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38 of 41 people found the following review helpful By A Customer on November 11, 1997
Format: Paperback
Fiedrich Hayek was nearing 60 when he began writing this homage to liberty and liberals (that's the European interpretation for US readers). Throughout 400 odd pages Hayek slammed, among other things, organised labour, socialism, the abuse (politicisation) of words, the political spectrum, and the welfare state. What impressed more in this book than in some of his other works is that here Hayek actually suggested alternatives - some of which have since become economic, if not political, reality. Hayek's great talent was always to see through proposals to their underlying belief(s), and he showed his talent had not dimmed here. Even if one does not agree with anything he says, Hayek presented an awesome argument.
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81 of 94 people found the following review helpful By D. S. Heersink on November 27, 2000
Format: Paperback
For an economist, Hayek is a remarkably accessible author, and this is perhaps his most summarily expressive book. It's not only a treasure of Hayek's finest theses, but an excellent overview of human relations, the raison d'etre for a constitutional system, the importance of the rule of law, the radical notion of the separation of powers, and why the free market, while not flawless, remains the best economic system in the allocation, conservation, and efficiency of resources.
Hayek is often appropriated by Libertarians as one of them, but I find this claim unpersuasive. Hayek is a Republican in the sense of Lincoln, Roosevelt, and Goldwater, and hardly a disciple of Libertarian reductionism to a single rule that is inherently circular and contradictory! I know Libertarianism, and Hayek is no Libertarian.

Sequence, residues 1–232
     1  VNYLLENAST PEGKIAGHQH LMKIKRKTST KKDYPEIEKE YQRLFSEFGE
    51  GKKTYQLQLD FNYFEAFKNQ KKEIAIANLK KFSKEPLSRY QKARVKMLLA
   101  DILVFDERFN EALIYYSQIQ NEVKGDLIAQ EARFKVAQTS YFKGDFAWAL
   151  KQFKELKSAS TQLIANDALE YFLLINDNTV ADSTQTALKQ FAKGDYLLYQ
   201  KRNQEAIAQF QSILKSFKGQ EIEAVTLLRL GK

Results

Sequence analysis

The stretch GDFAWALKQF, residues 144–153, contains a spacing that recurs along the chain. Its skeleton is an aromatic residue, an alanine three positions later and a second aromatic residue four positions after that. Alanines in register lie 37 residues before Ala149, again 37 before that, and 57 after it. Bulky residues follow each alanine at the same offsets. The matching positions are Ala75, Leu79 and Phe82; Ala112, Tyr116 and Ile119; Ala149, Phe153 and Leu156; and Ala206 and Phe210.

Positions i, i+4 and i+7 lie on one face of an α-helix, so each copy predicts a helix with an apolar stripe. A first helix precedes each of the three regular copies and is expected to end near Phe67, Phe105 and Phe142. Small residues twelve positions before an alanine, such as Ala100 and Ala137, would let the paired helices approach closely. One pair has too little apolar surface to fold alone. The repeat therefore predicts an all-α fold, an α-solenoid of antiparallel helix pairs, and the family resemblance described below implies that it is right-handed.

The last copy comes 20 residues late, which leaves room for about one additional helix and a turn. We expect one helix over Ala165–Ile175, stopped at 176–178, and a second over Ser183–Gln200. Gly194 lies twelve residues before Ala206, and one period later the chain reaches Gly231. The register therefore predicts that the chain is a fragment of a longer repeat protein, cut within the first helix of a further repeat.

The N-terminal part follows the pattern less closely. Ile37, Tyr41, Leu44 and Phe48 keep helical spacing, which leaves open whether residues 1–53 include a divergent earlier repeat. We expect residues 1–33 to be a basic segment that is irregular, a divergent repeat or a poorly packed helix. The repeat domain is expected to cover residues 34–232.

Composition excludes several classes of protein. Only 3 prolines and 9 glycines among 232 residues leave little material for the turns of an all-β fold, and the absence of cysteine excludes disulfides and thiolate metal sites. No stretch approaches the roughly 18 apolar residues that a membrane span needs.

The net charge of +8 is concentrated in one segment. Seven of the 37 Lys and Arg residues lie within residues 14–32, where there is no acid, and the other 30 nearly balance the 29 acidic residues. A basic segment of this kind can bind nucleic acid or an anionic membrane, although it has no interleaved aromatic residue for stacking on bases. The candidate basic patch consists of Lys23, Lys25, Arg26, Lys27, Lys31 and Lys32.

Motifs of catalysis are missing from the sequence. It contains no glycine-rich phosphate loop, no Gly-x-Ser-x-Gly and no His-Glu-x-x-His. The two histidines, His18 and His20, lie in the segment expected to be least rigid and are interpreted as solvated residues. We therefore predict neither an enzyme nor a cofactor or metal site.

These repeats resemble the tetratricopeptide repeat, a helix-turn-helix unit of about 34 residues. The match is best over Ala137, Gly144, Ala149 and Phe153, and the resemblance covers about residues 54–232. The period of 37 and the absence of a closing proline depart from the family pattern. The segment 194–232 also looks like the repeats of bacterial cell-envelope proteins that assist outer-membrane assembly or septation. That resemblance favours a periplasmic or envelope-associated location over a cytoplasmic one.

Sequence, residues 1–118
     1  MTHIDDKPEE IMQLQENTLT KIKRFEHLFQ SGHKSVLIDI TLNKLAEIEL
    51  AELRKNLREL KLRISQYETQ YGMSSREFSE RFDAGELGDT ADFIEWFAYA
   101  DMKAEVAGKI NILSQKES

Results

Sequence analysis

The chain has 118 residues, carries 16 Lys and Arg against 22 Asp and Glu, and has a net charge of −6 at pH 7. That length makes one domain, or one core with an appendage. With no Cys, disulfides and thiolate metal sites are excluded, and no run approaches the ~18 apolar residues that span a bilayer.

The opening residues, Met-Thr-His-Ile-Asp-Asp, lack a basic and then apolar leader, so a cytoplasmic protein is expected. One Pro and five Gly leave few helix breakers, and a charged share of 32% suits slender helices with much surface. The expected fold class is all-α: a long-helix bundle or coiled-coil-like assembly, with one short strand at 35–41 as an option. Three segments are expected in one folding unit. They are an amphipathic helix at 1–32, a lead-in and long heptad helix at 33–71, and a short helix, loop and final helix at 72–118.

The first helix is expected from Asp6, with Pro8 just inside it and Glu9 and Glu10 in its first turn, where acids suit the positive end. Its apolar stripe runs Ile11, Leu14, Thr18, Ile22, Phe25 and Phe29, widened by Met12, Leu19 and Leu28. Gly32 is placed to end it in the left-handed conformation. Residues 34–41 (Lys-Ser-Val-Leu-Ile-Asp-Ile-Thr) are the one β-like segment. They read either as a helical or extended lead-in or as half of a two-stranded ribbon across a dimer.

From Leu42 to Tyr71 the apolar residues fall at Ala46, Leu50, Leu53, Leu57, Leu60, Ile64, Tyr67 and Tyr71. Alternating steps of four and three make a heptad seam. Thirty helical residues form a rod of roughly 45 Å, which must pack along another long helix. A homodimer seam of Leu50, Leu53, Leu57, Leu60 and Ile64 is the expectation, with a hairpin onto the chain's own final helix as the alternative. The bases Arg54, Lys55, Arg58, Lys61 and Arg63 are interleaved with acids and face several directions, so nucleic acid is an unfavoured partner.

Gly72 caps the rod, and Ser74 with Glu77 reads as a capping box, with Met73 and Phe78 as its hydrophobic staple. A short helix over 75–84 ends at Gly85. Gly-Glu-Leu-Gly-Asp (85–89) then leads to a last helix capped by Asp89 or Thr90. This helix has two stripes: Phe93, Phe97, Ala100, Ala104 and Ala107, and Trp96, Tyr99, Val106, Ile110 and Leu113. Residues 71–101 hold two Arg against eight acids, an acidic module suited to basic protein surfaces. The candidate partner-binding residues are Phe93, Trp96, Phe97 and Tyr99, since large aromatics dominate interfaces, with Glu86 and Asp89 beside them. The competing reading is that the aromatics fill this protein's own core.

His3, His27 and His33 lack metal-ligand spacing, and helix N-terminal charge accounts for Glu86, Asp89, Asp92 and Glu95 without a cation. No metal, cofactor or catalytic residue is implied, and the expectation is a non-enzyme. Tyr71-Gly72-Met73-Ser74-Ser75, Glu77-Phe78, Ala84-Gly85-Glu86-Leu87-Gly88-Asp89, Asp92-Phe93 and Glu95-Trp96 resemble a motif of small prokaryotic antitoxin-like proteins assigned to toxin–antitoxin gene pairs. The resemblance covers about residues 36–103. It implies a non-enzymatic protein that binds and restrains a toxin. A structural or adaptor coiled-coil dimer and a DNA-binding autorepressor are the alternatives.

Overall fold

He is, however, an excellent proponent of positive and negative freedoms within a rule-based society, wherein the rule of law is not the Rule by Laws. He finds all forms of anarchy, arbitrariness, and single powers inherently bent against the truest sense of freedom. Freedom itself is not an absolute law, as in the case of being the means rather than the end, but that a world of spontaneous associations under the rule of law and contract is the most liberating of all constitutions.
Anyone who enjoys philosophy, politics, economics, sociology, and social psychology will be immediately attracted to this author and this particular book. It is copiously endnoted to substantiate numerous positions taken, but the quotes are so eloquently woven into the prose that they barely stand out as "quotes.